Although I've written elsewhere about the recent court case of Symbian v Comptroller General of Patents, noting that it was bad news, I hadn't realised quite how bad the news was until I went through the complete judgment.
It's plain that the judges in question, who to their credit tried their level best to understand this mysterious stuff called software, failed to grasp the central issue of what software is. As a result, they have passed down a judgement that is so seriously wrong it will cause a huge amount of damage in the future unless it is revoked by a higher court.
The case in question is summed up in the opening section:
This is the judgement of the court to which all members have contributed. It is on an appeal brought, with the permission of the Judge, by the Comptroller General of Patents against a decision of Mr Justice Patten. He allowed an appeal by Symbian Ltd against the Comptroller's decision refusing UK Patent Application No GB 0325145.1 ("the Application"), on the ground that the alleged invention was excluded from patentability by section 1(2) of the Patents Act 1977.
The issue raised on this appeal requires us to consider the reach of the exclusion of "programs for computers" from patentable inventions, a topic which is inherently difficult and on which there is apparently inconsistent authority domestically and in the European Patent Office ("EPO").
Basically, the UK patent office appealed against an earlier appeal against its own refusal to grant a patent to Symbian for a programming technique. Yes, you read that correctly: the Patent Office was trying to get an appeal against its refusal to grant a patent struck down, because it didn't believe that the original patent application should be allowed. Through its own appeal, the UK Patent Office was trying to establish what could and could not be patented in the world of code.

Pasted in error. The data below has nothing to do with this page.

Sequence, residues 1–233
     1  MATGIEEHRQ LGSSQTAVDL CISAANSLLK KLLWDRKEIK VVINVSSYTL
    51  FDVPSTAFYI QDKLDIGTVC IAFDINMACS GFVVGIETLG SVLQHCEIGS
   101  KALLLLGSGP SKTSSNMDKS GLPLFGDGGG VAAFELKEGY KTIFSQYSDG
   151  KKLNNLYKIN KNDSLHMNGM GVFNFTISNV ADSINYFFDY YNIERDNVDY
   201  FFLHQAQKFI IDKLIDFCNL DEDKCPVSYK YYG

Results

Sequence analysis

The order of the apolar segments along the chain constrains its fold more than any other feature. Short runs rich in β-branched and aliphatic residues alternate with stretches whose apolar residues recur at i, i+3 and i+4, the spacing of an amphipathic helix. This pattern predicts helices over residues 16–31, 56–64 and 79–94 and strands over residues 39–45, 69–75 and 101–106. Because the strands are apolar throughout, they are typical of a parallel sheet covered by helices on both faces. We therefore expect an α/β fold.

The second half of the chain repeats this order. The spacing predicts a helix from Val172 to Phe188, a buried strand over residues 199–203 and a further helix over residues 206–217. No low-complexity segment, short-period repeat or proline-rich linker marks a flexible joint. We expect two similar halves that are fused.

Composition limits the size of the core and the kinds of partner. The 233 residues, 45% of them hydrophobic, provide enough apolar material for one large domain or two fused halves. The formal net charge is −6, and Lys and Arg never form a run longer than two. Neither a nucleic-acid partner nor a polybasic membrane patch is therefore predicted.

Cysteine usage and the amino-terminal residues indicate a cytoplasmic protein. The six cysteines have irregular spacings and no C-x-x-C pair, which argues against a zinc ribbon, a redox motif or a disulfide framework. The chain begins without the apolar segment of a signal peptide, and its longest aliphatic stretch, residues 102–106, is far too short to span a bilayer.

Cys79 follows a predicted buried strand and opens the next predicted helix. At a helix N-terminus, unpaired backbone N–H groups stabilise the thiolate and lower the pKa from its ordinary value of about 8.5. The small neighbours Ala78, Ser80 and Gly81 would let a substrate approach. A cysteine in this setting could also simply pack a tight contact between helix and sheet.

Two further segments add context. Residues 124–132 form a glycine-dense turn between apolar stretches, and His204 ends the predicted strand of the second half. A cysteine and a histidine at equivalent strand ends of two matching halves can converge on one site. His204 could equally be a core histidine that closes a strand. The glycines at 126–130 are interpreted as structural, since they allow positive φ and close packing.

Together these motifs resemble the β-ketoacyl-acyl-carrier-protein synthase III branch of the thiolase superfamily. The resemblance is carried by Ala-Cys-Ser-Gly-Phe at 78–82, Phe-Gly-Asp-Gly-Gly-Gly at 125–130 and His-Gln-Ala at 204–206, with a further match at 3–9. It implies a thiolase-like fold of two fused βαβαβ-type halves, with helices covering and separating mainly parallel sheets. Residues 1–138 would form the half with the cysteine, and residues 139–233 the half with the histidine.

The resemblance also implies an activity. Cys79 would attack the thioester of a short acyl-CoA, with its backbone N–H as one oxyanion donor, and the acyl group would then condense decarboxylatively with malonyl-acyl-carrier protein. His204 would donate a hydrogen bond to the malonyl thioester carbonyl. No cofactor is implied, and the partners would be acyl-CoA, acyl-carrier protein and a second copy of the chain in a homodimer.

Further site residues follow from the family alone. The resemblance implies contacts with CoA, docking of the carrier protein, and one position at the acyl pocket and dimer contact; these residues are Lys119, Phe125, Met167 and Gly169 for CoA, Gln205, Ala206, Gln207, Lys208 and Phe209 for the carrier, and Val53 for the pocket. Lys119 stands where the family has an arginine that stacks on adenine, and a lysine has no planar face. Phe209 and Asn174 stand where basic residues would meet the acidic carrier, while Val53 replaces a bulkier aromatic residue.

As the summary above comments with a certain exasperation, this is “a topic which is inherently difficult and on which there is apparently inconsistent authority domestically and in the European Patent Office”.
The topic my be complex, but the reason why it is complex is simple: patent lawyers and their friendly legislators have tied patent legislation into shapes that make the Klein bottle look boring in an attempt to insert a loophole into the generally-accepted rule that software is not patentable.
It is not patentable because it consists of algorithms, which are inherently mathematical in nature. You don't have to believe me - just ask Donald Knuth, widely regarded as the greatest expert on computer programming, who wrote the following on the subject of patenting software
I am told that the courts are trying to make a distinction between mathematical algorithms and nonmathematical algorithms. To a computer scientist, this makes no sense, because every algorithm is as mathematical as anything could be. An algorithm is an abstract concept unrelated to physical laws of the universe.
Nor is it possible to distinguish between "numerical" and "non-numerical" algorithms, as if numbers were somehow different from other kinds of precise information. All data are numbers, and all numbers are data. Mathematicians work much more with symbolic entities than with numbers.